Reconstruction of a hunter-gatherer of the Gravettian culture (32,000 to 24,000 years ago), inspired by the archaeological finds at the Arene Candide site (Italy). Photo: Tom Bjoerklund
International research team creates largest genome analysis of ice-age ancestors to date
Who resettled Central Europe after the last ice age when the ice sheets were at their greatest? This has been a topic of debate for over 100 years. Now an international research team led by the University of Tübingen and including the University of Göttingen, has conclusively proved the genetic history of European ancestors using the largest genome data set of European hunter-gatherers ever compiled. Previous hypotheses about the population history of early modern humans were mainly based on archaeological finds. However, this research reveals the actual settlement processes and interactions of the ice-age and post-glacial hunter-gatherer societies in Europe. The results were published in Nature.
From the Maszycka Cave in southern Poland: piece of a human jaw and bone and antler artefacts from the Magdalenian culture, which was widespread in large parts of Europe between 19,000 and 14,000 years ago. Photo: Agnieszka Susul, Pawel Iwaszko, Dawid Piatkiewicz, Archäologisches Museum Krakow
To make this discovery, 125 scientists worked together to analyse the genomes of 356 prehistoric individuals from different archaeological cultures, including new genome data sets from 116 individuals from 14 different European and Central Asian countries. Since 2016, research in Prehistory and Early History at the University of Göttingen together with researchers in Poland has made available important human remains from the Late Palaeolithic and Mesolithic periods in northern Germany and Poland. One significant result is the striking genetic similarity between human remains around 18,000 years old from south-western Europe and those from the Maszycka Cave in southern Poland.
"This confirms the results of previous archaeological research," explains Professor Thomas Terberger, University of Göttingen and Lower Saxony State Office for Heritage. "It was the people from the Magdalenian cultures, known for their cave paintings in Lascaux and Altamira, who colonised Central Europe from the southwest after the retreat of the glaciers. They established their settlements in the low mountain zone between the Rhine and the Oder over the next 3,500 years."
Skull of a young man from the Middle Stone Age cemetery of Groß Fredenwalde (Brandenburg), buried around 5000 BC. The man - typical of the late hunter-gatherer-fishers - lived at a time when the first farmers had already established their settlements and fields in the region. Photo: Volker Minkus, Copyright DFG-Projekt Groß Fredenwalde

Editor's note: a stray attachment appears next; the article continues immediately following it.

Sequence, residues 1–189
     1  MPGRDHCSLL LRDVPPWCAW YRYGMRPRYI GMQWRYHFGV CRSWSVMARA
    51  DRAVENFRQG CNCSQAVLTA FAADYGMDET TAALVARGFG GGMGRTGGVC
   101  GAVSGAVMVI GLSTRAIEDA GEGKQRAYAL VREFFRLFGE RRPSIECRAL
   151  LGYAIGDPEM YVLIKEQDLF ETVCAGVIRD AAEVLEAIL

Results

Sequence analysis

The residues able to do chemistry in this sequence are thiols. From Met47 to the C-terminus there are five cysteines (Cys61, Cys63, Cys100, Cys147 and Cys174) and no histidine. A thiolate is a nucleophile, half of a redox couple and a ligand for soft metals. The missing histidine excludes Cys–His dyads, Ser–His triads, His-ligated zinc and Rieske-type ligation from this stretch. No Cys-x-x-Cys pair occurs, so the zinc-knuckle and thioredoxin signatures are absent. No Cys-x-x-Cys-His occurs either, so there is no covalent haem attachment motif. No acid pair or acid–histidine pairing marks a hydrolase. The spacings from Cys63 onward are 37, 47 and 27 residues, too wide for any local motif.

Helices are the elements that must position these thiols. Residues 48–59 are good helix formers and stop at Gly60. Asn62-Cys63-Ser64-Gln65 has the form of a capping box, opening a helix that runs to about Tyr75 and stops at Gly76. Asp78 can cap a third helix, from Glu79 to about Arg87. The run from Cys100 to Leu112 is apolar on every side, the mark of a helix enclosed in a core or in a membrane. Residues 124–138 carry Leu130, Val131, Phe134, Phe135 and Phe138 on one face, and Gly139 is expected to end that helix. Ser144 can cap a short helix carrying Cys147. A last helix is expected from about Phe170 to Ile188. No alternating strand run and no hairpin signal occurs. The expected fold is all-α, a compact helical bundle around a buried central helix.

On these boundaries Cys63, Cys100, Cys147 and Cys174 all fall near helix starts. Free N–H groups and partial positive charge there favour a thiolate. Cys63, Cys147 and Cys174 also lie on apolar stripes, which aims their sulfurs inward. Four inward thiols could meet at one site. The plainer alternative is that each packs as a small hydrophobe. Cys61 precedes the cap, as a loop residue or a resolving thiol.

About 14,000 years ago, the warming at the end of the Ice Age brought about a population change that gave rise to the hunter-gatherer population of the post-glacial period. The University of Göttingen has been carrying out research with partners and in collaboration with the Brandenburg State Archaeology Department at a burial site that is around 8,000 years old in Groß Fredenwalde in the region of Uckermark in northern Germany. A number of individuals from this burial site characterise the population in appearance: they had dark skin and blue or green eyes. "These individuals correspond to the typical Mesolithic indigenous population of Central Europe," says Terberger. "Interactions between the individuals from Groß Fredenwalde and the hunter-gatherer communities in Eastern Europe are shown in their genes and this is the first time that this has been detected. The Eastern European community then differed in external appearance as they had lighter skin and dark eyes." The Baltic Sea formed during this time and this probably promoted an increase in east-west contacts.
And there was yet another surprise at the burial site in Groß Fredenwalde: a young man buried around 5,000 BC, who lived in Brandenburg at the same time as early farmers from south-eastern Europe and certainly had contact with the settlers from time to time, shows no sign of genetic mixing. "The late hunter-gatherers and early farmers in Brandenburg had been in contact for generations before 7,000 years ago, but they obviously did not share their bread and beds," says Terberger.
Male skull and stone tools from Groß Fredenwalde (Brandenburg), about 7,000 years old. These hunter-gatherers lived at the same time as the first European farmers without mixing. Photo: Volker Minkus
This research was made possible thanks to the Volkswagen Foundation that funded the project "Climate Change and Early Humans in the North" and the German Research Foundation (DFG) that funded "The Mesolithic Burial Site of Groß Fredenwalde (Brandenburg) - Late Hunter-Gatherers in a Changing World". Original publication: Cosimo Posth et al. Paleogenomics of Upper Paleolithic to Neolithic European hunter-gatherers. Nature 2023. www.nature.com/articles/s41586’023 -05726-0